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i need your help and support on an important topic. We have build on SF a new sales solution which will go live within the next months. Every morning I have a data synchronisation on the IPad. So data will be moved from SAP backend over the SF App to the IPads. Therefore I would like to do a performance test for this. According to my understanding SF gurantees performance but SF KPIs does not necessarily means this fits to my enterprise´s KPIs. Therefore I am wondering if there is a tool to be able to manage those kind of test e.g. for 500 users in parallel especially for the case descirbed above.

I would really appreciate your help.

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You don't need to performance test Salesforce. In fact, it wouldn't go very well for you if you tried to stress test salesforce. Salesforce will terminate your tests if they see you pulling too many resources. It is a cloud based platform and they don't allow any customer of any size the privilege of jeopardizing other customers performance for their own sake.

To ease your mind:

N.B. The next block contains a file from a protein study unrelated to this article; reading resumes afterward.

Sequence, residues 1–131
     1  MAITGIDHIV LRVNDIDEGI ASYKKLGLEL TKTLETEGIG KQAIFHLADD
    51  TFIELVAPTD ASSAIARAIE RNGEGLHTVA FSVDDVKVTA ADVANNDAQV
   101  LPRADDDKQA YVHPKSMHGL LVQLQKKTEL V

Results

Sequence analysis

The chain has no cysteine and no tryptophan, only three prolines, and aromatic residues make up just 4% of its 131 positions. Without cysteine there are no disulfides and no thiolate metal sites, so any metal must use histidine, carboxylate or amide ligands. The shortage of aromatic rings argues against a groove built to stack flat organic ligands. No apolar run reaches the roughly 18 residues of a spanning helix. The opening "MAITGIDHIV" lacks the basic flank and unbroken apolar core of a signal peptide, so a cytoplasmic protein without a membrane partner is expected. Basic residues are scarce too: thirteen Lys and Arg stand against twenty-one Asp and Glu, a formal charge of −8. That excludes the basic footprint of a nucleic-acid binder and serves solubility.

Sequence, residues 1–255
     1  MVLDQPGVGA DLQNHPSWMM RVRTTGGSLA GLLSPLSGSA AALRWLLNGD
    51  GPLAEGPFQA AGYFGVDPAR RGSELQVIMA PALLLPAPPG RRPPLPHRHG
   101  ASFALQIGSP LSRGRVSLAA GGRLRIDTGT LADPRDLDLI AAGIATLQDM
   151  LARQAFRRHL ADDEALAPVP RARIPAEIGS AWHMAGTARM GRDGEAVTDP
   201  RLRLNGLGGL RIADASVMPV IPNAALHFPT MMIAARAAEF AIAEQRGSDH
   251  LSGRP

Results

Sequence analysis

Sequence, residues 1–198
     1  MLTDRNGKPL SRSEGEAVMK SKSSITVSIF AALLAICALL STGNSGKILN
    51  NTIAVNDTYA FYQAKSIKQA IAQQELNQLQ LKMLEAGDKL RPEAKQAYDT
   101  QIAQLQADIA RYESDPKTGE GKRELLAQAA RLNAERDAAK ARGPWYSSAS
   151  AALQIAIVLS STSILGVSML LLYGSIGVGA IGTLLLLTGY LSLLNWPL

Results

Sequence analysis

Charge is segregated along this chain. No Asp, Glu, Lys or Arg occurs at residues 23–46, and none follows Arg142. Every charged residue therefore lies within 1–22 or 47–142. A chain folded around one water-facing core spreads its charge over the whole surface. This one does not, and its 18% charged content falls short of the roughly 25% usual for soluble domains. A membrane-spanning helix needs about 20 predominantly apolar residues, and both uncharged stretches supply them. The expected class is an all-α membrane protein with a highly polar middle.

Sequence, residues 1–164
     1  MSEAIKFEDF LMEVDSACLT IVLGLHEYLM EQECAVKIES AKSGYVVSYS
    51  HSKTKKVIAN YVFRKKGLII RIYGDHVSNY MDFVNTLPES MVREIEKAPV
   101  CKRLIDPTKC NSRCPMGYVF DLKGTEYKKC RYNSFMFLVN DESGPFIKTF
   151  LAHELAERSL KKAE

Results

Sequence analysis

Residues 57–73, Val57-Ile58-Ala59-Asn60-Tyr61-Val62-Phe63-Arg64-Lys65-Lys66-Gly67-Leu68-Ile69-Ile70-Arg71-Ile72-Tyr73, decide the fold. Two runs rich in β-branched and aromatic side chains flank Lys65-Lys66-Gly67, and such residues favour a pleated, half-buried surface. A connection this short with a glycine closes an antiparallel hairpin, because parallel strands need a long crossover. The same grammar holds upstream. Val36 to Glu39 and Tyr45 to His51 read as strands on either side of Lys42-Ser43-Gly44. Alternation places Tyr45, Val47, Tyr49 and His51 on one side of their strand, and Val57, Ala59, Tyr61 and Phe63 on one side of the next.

Do you need to stress test the Force.com platform?

No. The Force.com platform serves over 1 billion transactions daily with an average response time of under 300 milliseconds, and salesforce.com tests and monitors the platform to ensure that it has excess capacity.

You should definitely take advantage of the platform’s efficiency–but not by writing inefficient code. Salesforce.com guards against highly inefficient code by using governor limits, which help ensure both that your users have a consistent application experience and that resources are available to all salesforce.com customers. (One limit, the Apex Apex script statement limit, is being phased out in the Winter ’14 release, but its original reason for existing was the same.)

Your goal should be to use load testing instead of stress testing. If you try to stress test, you’re likely to reach governor limits or have salesforce.com terminate your tests so they don’t affect shared resources on the multitenant Force.com platform. Performance test your anticipated loads instead.

Source: https://developer.salesforce.com/blogs/engineering/2013/09/performance-testing-force-com-application.html

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